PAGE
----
O’Sullivan’s script plays out like a great novel, with every character and scene adding further complexity, drama, and comedy. The characters of Bridget and Frances grow and evolve because the people around them have found it within themselves to change, for better and for worse. Bridget’s parents are doing everything possible to better their health and happiness. Easy going parent Maya is doing her best to bottle up her stresses, while stern parent Annie is increasingly frustrating, suspicious, and lashing out. Jace is head over heels in love, but his ways of expressing those feelings change with each passing rebuff from Bridget. The reason why Bridget and Frances end up getting along better over time is a simple matter of both characters wanting to be noticed, acknowledged, and loved for who they are, not merely what they represent to others. One of the only true villains of Saint Frances outside of the lecherous, obviously trashy music teacher – an arrogant “girlboss” and former classmate of Bridget’s who’s willfully oblivious that she’s turned her own child into a rampaging, petulant piece of shit – is the type of person who never changed and refuses to acknowledge her lack of growth.
While ostensibly a comedy throughout, Saint Frances gains a lot of emotional steam the longer one spends around the characters. The more one learns about them, their situations seem relatable, funnier, and sometimes a lot more tragic and painful than viewers might’ve expected from the set-up. The tone of Saint Frances turns a lot more serious as it goes along, including a brilliantly written and performed sequence where Bridget and Frances discuss heavy topics like suicide, religion, and divorce over ice cream. And yet, watching a floundering nanny and her adorable ward talk about such topics never feels out of place because O’Sullivan, Thompson, and Williams (who, like her character, seems wise beyond years) have adequately shepherd viewers to this pivot point. The viewer cares enough about these characters by this point to genuinely want to hear what they have to say, and not merely revel in their sometimes outlandish, yet believable situations.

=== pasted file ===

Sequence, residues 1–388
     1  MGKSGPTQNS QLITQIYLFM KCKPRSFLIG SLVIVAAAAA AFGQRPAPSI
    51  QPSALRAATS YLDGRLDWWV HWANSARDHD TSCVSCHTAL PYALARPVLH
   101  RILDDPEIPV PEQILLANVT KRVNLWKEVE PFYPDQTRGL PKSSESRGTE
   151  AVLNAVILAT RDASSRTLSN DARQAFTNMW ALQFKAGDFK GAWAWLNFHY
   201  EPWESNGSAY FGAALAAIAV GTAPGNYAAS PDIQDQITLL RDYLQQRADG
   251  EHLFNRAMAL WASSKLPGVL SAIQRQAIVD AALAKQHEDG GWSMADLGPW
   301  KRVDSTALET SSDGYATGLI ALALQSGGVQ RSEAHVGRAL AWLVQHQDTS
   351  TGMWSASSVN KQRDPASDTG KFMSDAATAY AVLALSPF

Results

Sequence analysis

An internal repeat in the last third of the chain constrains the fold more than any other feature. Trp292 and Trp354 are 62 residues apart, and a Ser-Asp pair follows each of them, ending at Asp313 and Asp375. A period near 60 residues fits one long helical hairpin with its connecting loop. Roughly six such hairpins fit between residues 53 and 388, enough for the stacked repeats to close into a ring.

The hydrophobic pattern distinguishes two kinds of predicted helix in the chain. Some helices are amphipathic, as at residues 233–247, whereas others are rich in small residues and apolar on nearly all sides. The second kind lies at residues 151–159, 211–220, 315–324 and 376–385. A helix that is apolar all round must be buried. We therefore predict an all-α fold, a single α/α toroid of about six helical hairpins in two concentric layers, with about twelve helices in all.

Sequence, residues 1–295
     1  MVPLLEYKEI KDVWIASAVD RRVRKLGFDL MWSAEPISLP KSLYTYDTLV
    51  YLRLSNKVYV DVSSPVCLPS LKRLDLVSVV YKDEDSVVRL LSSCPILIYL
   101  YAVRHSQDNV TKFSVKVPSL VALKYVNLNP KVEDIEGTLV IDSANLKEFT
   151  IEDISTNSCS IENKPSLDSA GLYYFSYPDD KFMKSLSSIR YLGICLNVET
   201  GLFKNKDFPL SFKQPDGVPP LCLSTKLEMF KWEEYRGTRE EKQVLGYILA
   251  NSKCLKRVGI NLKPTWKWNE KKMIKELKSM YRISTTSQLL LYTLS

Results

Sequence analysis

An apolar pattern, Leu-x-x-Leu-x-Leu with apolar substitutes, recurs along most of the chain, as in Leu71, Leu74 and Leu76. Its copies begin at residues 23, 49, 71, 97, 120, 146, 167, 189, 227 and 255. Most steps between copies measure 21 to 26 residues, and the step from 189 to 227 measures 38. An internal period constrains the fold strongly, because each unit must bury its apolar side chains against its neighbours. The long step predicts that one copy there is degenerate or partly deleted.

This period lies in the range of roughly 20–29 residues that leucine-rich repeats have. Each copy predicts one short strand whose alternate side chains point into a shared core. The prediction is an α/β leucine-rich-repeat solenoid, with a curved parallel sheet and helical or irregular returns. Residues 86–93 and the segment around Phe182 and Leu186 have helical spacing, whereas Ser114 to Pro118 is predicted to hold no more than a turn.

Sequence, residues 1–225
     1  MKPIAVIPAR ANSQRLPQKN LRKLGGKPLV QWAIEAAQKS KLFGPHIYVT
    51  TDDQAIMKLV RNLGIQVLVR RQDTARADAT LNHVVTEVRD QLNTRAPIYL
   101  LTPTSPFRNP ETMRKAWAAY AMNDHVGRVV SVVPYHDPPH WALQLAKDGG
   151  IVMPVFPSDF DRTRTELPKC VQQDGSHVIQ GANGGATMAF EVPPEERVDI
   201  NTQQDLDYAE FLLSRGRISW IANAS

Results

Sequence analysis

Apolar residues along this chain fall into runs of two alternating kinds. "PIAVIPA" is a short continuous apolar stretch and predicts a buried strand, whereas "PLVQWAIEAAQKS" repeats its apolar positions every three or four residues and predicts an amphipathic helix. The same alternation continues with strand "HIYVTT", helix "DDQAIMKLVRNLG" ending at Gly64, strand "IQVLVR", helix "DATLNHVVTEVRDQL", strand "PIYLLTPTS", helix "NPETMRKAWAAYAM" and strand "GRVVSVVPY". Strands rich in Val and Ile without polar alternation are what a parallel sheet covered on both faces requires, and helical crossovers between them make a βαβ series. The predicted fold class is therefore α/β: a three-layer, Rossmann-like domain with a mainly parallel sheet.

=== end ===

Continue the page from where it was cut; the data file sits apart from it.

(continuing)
O’Sullivan and Williams have outstanding chemistry, with their constant give and take providing much of the film’s comedic tension and dramatic subtext. Their performances are star making ones, and O’Sullivan’s career prospects as an on screen presence and writer are bright. O’Sullivan is a commanding presence here, showing up in every scene and playing a thoroughly convincing everywoman, but she also gets tremendous help from Lipchitz, Mojekwu, and Alvarez, with the latter two giving some of the best and most substantive supporting performances of the year. Lipchitz’s almost adorably goofy suitor rises well above what could’ve been a single joke character and ends up becoming a thoughtful reflection on modern masculinity. Mojekwu and Alvarez, on the other hand, provide Saint Frances with most of its drama, as Maya’s increasingly obvious postpartum depression threatens the happiness of her marriage. There’s not much in the way of cinematic style to be found throughout Saint Frances, but these characters are so rich and impactful that there’s no real need for flash and panache. The cast and writing can do well enough on its own, and all Thompson really has to do is maintain a supportive, creative, and believable environment for his performers and the material.
Through these side characters, Bridget learns how to love others more than she loves herself, which is a challenge because it’s clear that this not-so-young-not-so-old woman hasn’t shown herself any compassion in far too long. Saint Frances has all the intimacy and purposeful awkwardness of reading the personal diaries of the characters involved, a sentiment that O’Sullivan’s script hilariously hints at during one of its funnier, most cringe-worthy scenes of unabashed sincerity. Like many great films, Saint Frances is one that will leave the viewer thinking about it long after it’s over, which is a rarity for comedies that are most often heralded for one-liners, set-pieces, and over-the-top performances. Most importantly, it makes viewers hope these characters turned out okay. They’re people viewers like being around and sharing in their joys and pains. There are few movies made these days like Saint Frances, so when one comes along, it’s a just cause for celebration.
Saint Frances is now available in Canada on VOD.